Well… all these data bases that are churning out art or writing or poetry or whatever using AI, are doing so off the labour of artists. The unpaid labour of artists, writers, etc. Essentially, the AI is copying work that has previously been created and presenting it as new.
When someone is learning to write or draw or whatever, it is useful to do this – to copy a painting to see how to produce that effect. To use a similar turn of phrase or to look at the effect of certain words in a piece. But that isn’t then presented as something new and original. A copy of the Mona Lisa may be awesome, but it’s still a copy.
Presenting this work as original or new is unethical at least. To my mind, this is stealing someone else’s labour without adding any of your own.
Now, I do use AI myself. If I have a difficult conversation coming up, I will use AI to generate a potential list of questions to ask or to help drive the conversation. I would then heavily edit those questions to make them mine and to help me feel comfortable in using them. But I don’t present those questions as my own, original, creative work.
So you use AI as well?
Yes I do, in certain situations. But I don’t then present that work as my own or use that work to generate benefit for me. Benefit in this sense can mean social capital, actual earnings, obtaining resources in return for this work.
AI is hugely useful in automating regular, repetitive, consistent tasks. For example, a machine learning that this particular condition is a precursor to this particular failure and raising an alarm. Great use of AI there. It’s consistent, repetitive and the inputs and outputs are the same every time.
AI is not useful in producing new artistic or creative endeavors. AI can produce the same or similar results are what has gone before. It can’t create something new. So, all the AI bots out there producing art, writing etc – not creating something new, just copying things that have gone before and generating profit from the labour of others, without crediting them at all.
Who cares? Especially if it’s only for myself?
To a certain extent – no one. If you want to use AI to produce a new prayer to Brigid or a new piece of artwork, well, no one will stop you. If you then present that as new art or a new prayer in a public setting or in a setting that then gives you profit or social capital or other benefits – well it’s dishonest at best and stealing at worst.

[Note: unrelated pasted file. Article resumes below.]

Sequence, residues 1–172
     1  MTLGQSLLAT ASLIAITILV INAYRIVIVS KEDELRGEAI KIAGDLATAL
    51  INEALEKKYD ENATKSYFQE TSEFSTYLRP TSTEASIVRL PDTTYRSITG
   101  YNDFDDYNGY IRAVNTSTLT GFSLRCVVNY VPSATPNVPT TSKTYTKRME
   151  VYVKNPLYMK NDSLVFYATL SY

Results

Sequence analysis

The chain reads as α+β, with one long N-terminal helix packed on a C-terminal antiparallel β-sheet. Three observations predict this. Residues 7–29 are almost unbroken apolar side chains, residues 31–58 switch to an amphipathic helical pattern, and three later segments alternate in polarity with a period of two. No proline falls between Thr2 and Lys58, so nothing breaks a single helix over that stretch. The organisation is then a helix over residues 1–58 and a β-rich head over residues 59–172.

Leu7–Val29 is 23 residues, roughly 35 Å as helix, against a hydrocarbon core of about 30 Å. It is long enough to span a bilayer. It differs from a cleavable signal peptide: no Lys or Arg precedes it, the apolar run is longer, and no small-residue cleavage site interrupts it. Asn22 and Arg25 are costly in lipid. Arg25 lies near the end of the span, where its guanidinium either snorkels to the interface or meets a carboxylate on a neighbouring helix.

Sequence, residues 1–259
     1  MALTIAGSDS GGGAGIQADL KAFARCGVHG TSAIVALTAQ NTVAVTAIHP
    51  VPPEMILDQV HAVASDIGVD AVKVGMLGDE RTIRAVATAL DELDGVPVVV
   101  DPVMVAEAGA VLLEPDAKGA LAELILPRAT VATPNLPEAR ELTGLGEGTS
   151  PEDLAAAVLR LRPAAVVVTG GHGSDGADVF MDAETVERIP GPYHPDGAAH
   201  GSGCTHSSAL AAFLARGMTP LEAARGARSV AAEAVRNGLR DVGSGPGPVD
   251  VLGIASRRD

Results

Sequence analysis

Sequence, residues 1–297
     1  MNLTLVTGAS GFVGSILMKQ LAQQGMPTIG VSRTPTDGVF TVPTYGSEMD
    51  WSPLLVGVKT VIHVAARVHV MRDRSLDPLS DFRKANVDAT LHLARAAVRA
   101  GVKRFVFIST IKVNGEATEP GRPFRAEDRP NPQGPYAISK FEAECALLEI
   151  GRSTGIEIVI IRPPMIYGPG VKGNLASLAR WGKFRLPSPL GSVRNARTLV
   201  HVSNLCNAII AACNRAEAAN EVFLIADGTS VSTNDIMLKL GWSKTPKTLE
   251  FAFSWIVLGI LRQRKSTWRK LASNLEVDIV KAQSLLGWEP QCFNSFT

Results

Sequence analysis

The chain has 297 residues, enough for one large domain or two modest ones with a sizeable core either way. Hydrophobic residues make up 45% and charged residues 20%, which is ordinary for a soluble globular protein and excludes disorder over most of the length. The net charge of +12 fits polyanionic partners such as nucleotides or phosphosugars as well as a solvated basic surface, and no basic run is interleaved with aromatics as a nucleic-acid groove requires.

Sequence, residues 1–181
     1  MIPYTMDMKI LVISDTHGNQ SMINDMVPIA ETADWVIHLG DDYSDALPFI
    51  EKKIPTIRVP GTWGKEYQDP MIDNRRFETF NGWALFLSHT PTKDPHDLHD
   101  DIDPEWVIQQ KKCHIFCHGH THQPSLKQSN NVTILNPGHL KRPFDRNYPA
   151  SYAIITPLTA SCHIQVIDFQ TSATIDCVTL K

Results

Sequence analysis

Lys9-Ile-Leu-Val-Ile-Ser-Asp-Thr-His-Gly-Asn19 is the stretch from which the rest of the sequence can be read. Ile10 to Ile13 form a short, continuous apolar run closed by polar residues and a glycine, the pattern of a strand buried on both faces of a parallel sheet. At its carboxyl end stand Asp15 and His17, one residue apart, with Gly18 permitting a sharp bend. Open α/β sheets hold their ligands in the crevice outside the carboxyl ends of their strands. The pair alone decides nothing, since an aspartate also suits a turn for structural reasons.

This isn’t something created from thin air, it’s something stolen from others. The people who produced the work this “creation” is based on are getting no credit at all and their work has been stolen to feel into the AI bot’s database.
It’s benefitting from a crime.
Why link UPG and AI in conversation anyway?
They both come back to honesty, for me. Presenting AI results as creative personal endeavour and presenting UPG as fact are both dishonest.
I can say as a fact that “I had this experience with Brigid”. But I can’t say “this will be your experience with Brigid, because it was mine”. I can say, “I used AI to come up with the base list of questions for this quiz”. But I can’t say “I generated this list of questions myself”.
I, and many others in the Irish spirutal community, base my practice around right relationship. This doens’t mean I never lie – anyone who asks me how I am on a Monday morning will usually get a short “grand thanks” regardless of how I feel! But it does mean that when I’m dealing with others, there is a level of honesty I require of myself.
That means being very clear on the lore I base my practice on and where I deviate from the lore to veer into personal gnosis. It means being honest about the writing I do – honestly, I’m not sure AI could replicate my way of writing, cos it’s mainly the way I speak! But even if it could, I’d have to spend as long writing the prompts for AI as I would just writing it myself. What’s the point?
There’s nothing inherently wrong with having UPG or using AI. But there is something inherently wrong with passing either off as something they aren’t!